“They call her Fancy Pants
and if you give her a chance
She’ll just dance, dance, dance”
Growing up in the 70s I was aware of a distinct line with regard to manufactured music and image. On the one side you had songs supported by groups who believed in the music and enjoyed their image (e.g. the Sweet), on the other you had groups playing lip service and who seemed uncomfortable with what they were being asked to do. Despite catchy songs (and since remembering Fancy Pants a week ago I can’t get it out of my head) I always felt that Kenny fell into the second group and this seems to be born out when their strange background is looked at.
Now there were four different aspects to Kenny namely – an Irish singer Tony Kenny, session musicians (including Chris Spedding of “Motorbiking” fame), songwriters Martin and Coulter (of Bay City Rollers fame) and a prog-rock group called Chuff.
Recording as Kenny, Tony Kenny had two hits in 1973 with “Heart of Stone” and “Give It To Me” and then disappeared from the scene. Despite the lack of a singer, Martin and Coulter, following their split with the Bay City Rollers, produced a number of songs with session musicians and released one of these “The Bump” (which had been a b-side for the Rollers) under the name Kenny. As the song started to climb the charts they realised that they needed a group to front it up on TOTP and in publicity shots. When Chuff were initially approached and asked to become Kenny they were dubious as the music was totally at odds with their Pink Floyd / Yes aspirations, however given the carrot of money and TV appearances they agreed – Kenny now had a physical presence!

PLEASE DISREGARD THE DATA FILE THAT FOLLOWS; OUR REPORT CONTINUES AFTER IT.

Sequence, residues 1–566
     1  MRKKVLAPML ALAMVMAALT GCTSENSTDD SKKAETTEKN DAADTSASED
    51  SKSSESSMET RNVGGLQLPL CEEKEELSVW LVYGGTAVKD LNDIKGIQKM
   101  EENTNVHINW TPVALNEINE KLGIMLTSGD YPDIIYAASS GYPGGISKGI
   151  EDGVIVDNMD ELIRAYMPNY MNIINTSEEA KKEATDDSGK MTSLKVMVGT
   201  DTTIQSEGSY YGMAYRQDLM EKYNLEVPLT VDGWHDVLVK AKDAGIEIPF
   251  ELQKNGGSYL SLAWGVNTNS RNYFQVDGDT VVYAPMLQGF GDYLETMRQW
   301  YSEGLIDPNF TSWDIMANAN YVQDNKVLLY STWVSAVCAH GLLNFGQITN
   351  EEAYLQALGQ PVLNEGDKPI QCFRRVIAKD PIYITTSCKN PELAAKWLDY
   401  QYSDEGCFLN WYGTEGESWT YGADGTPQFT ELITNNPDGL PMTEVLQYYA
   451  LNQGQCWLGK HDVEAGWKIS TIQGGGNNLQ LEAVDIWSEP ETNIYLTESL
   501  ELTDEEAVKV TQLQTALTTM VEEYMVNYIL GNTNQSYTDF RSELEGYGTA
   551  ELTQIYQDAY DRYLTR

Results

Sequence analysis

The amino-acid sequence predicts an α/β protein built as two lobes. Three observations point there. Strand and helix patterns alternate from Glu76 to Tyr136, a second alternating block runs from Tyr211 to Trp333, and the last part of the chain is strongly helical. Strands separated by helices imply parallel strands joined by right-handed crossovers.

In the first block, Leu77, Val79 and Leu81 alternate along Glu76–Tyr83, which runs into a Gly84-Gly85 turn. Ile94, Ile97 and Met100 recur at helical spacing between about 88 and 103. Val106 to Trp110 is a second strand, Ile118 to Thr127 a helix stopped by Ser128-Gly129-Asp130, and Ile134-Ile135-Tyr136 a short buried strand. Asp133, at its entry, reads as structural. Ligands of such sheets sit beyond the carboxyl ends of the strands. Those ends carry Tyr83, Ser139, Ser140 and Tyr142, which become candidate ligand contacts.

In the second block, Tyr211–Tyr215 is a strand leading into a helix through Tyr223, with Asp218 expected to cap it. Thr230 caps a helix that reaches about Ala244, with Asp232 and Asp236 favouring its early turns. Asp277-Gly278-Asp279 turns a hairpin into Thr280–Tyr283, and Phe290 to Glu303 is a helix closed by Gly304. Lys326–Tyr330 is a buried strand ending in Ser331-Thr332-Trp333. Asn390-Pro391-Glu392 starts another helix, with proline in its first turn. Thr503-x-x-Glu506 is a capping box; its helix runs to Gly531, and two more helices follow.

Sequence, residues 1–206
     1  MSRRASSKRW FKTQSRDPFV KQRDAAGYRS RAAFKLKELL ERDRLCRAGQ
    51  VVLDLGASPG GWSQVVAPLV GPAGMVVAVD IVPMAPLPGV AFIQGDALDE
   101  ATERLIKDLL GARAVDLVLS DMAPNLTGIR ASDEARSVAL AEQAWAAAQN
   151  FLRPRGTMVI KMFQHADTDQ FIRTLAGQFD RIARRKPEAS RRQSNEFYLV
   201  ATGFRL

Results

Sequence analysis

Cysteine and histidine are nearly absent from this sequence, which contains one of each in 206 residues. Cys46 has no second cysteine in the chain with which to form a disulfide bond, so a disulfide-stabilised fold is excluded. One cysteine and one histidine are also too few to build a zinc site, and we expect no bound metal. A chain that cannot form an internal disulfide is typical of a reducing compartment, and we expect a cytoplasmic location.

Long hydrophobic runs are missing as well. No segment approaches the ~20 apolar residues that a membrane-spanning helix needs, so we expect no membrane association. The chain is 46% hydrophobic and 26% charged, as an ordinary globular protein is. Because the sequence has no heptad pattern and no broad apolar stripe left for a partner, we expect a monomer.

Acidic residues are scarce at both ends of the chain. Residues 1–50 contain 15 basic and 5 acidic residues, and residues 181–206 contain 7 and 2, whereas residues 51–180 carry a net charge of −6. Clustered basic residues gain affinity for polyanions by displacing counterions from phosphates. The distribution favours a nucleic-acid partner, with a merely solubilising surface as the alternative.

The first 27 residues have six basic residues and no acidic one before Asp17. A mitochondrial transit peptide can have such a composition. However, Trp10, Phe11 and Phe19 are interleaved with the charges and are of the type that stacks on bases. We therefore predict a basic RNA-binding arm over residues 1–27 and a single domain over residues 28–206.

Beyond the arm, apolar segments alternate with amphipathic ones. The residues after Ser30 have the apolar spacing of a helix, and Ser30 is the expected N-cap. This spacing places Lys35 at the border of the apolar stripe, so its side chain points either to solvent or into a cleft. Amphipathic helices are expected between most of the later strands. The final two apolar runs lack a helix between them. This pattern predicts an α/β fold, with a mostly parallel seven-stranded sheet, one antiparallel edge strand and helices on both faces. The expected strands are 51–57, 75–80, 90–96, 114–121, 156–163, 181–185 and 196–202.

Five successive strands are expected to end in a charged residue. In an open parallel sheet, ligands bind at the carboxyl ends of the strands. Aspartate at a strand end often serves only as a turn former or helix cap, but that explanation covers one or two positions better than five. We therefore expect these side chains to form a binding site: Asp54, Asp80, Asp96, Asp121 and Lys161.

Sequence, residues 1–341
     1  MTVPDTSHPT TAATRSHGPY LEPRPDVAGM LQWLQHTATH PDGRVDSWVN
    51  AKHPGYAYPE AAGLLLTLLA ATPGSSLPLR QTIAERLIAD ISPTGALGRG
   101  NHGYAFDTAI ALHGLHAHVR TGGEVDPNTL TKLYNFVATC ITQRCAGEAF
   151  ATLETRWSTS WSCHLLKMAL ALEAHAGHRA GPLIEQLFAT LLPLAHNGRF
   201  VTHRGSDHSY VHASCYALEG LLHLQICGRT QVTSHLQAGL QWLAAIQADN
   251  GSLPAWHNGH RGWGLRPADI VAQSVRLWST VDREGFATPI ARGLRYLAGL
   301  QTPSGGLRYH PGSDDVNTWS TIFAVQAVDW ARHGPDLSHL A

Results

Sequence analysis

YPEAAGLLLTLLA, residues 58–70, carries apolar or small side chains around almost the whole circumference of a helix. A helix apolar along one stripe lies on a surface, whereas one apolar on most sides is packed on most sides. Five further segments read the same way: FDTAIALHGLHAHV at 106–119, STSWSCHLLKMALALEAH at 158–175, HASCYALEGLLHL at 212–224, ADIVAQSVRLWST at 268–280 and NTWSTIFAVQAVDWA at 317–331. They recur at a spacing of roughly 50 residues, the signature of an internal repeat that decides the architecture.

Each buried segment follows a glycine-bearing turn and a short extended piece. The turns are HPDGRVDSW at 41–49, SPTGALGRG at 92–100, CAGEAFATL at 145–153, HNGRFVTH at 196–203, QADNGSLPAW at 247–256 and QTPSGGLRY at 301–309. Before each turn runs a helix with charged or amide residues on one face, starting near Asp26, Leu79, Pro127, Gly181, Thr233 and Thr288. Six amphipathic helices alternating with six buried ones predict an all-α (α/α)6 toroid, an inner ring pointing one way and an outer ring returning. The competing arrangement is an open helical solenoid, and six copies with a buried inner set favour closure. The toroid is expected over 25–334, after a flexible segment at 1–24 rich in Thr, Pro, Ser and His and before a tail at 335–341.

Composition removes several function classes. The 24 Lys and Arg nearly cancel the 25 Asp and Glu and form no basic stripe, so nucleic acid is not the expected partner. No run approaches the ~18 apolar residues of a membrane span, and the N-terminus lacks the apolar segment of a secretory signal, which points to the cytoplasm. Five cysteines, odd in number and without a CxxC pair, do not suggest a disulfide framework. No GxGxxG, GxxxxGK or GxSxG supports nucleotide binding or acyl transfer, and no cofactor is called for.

There were four hits “The Bump”, “Fancy Pants”, “Baby I Love You, OK” and “Julie Ann” during ‘74 and ’75 all recorded by session musicians and fronted by Kenny aka Chuff. However while the songs were hits the money promised to Chuff was not forthcoming and a court case ensued between the group and the songwriters. While the group won the case their time on the charts was over, with new single and album making little impact, and the group disbanded.
Kenny have never reformed but have left us with a couple of catchy tunes and (disturbing) memories of them appearing on TV in brightly coloured jumpsuits.